This Italian artist was born during the first couple of years of the High Renaissance, a time when multiple extremely talented artists converged.
He worked for large periods of his career as the court painter of Cosimo I de Medici, Grand Duke of Tuscany (1519-1574). While he mainly focused on portraits, his oeuvre also consists of several religious and mythological paintings.
In this article, we’ll take a closer look at some of the most interesting facts about Venus, Cupid, Folly, and Time, one of Bronzino’s most enigmatic works.
1. It was completed shortly after he started working for the Grand Duke of Tuscany
Bronzino was born and raised in Florence, the capital city of the Tuscany region in Central Italy. He was trained by a local artist named Pontormo (1494-1557) when he was still a young teenager.
Both men continued to work together for as long as his master lived and he was very much influenced by him. His works did, however, not feature the dramatic facial expressions used by Pontormo.
The artist produced his first paintings for Cosimo I de’ Medici in 1539, the year that he married Eleanor of Toledo (1522-1562). This initial work was very much appreciated by the Grand Duke and he continued to hire Bronzino for portraits.
The Portrait of Eleanor of Toledo and her Son (1545) is one of the most famous portraits of the 16th century and the first to depict the ruler’s heir.
Venus, Cupid, Folly, and Time is a painting by Bronzino that was completed around the same time in 1545.
2. Art historians have debated what the painting depicts for centuries
The Venus painting has gone by several names throughout its history, including “An Allegory of Venus and Cupid” and “A Triumph of Venus.”
That’s mainly because art historians have debated what this enigmatic painting is about for many centuries.
The current title describes what some figures might represent. The only figures that can be positively identified are Venus herself and Cupid who is kissing his mother while trying to steal her crown.
Venus holds a golden apple, something she won in the Judgement of Paris according to the story from Greek Mythology.
Folly is believed to be the smiling child to the right who is about to shower both of them with rose petals.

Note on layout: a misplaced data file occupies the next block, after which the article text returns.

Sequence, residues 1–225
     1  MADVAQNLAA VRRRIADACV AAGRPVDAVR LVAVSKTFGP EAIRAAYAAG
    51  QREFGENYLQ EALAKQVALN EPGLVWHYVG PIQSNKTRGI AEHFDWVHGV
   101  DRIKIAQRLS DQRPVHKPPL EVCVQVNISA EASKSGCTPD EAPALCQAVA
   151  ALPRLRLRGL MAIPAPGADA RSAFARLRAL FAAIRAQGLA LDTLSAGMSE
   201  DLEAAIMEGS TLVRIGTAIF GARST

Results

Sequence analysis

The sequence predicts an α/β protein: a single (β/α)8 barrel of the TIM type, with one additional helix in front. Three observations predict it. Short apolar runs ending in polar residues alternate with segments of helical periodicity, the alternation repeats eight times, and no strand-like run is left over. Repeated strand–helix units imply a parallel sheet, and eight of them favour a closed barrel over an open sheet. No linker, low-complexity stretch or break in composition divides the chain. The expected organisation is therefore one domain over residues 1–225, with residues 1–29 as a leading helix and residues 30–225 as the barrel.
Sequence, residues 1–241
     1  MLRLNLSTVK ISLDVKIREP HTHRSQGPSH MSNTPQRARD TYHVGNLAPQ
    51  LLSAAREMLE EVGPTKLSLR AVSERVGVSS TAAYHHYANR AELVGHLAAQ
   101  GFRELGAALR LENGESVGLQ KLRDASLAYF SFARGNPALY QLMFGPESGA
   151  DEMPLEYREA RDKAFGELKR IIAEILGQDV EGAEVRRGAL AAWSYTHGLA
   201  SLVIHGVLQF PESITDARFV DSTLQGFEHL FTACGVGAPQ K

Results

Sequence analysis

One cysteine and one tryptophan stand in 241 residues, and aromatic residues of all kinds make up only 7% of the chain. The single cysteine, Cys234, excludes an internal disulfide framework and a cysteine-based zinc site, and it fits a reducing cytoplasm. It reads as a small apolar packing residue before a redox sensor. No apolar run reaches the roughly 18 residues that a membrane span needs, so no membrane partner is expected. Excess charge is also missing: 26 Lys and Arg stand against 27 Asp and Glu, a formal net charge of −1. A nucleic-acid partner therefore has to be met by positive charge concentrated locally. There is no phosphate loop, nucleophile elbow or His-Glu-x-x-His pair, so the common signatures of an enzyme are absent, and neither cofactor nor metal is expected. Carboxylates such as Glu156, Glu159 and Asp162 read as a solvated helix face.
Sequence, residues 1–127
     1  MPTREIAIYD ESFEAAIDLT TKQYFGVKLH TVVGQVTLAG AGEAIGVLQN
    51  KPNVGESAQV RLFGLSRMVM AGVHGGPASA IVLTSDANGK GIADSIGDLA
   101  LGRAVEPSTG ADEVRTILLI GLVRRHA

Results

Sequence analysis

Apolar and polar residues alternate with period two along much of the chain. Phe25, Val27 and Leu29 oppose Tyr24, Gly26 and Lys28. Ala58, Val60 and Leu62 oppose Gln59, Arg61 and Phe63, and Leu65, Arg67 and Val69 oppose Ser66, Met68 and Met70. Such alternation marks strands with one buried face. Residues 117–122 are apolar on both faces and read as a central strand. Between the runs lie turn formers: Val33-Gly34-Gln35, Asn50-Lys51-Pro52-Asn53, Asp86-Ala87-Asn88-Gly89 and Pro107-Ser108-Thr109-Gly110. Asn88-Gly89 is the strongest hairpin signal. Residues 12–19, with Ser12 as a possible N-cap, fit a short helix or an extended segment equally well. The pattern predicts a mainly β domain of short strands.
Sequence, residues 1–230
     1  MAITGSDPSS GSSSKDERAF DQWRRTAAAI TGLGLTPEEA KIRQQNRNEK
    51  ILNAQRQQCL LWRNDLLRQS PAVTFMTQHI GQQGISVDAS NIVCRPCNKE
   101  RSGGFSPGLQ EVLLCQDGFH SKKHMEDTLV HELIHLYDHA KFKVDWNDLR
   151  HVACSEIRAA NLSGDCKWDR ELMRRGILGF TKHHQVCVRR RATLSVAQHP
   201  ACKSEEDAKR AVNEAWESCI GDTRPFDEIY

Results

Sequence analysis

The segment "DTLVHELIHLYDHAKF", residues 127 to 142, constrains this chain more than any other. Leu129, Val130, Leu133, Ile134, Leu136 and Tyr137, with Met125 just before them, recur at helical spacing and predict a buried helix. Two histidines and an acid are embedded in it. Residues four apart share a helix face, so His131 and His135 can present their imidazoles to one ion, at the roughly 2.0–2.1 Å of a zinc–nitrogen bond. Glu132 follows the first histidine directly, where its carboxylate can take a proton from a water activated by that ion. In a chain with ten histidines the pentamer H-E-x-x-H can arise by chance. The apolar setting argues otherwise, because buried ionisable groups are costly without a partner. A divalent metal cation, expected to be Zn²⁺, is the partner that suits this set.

3. It was probably commissioned to serve as a gift for the King of France
Bronzino painted dozens of portraits of the Grand Duke of Tuscany and his family. Sometimes, however, he received commissions for religious or mythological paintings as well.
This painting might have been commissioned by Cosimo I himself to be presented to King Francis I of France as a gift.
The painting might be the one described by Vasari which was sent to France. The erotic overtone in this work is believed to have been something that appealed to the French king and the members of his court.
4. Vasari identified the figures in the 16th century without mentioning time
Giorgio Vasari (1511-1574) wrote a description of the painting that was sent to France and this includes an explanation as to what the figures are about.
While this appears to be pretty accurate, he still left out some crucial figures which means that he probably didn’t know what they represented.
He made a picture of singular beauty, which was sent to King Francis in France in which was a nude Venus with Cupid kissing her, and on one side Pleasure and Play with other Loves. On the other, Fraud, Jealousy, and other passions of love.
5. The figure opposite the old man in the top section might represent oblivion
The upper section of the painting is dominated by an old man who appears to be pulling a curtain. The hourglass behind him has led art historians to believe that he serves as an allegory of time.
Opposite the old man, we can see another figure who is pulling on the curtain. He also appears to be losing his mask, a notion confirmed by two masks in the bottom right corner.
This peculiar figure in the top left corner might represent oblivion, a term used to describe the ceasing of consciousness after death.
6. The old woman on the left might depict jealousy or a sexually transmitted infection
The hideous old woman to the left of Venus is believed to be an allegory of Jealousy. Another theory suggests that she represents the outbreak of syphilis, a sexually transmitted infection.
The child-like figure with the body of a sphinx is even more mysterious and might represent either pleasure or fraud. She looks innocent, but has twisted hands and holds a honeycomb.
7. How big is Venus, Cupid, Folly, and Time by Bronzino?
Venus, Cupid, Folly, and Time by Bronzino is a medium-sized oil-on-wood painting that has dimensions of 146.1 × 116.2 centimeters (57.5 × 45.7 inches).
8. Where is the painting located today?
The painting was sent to France upon completion and remained there until napoleon Bonaparte brought it to Vienna.
Here, it entered the collection of Johann Keglević in the year 1813. He was a member of the Croatian nobility.
The painting was acquired by one of the most popular museums in London in 1860 and it remains part of the collection of the National Gallery today.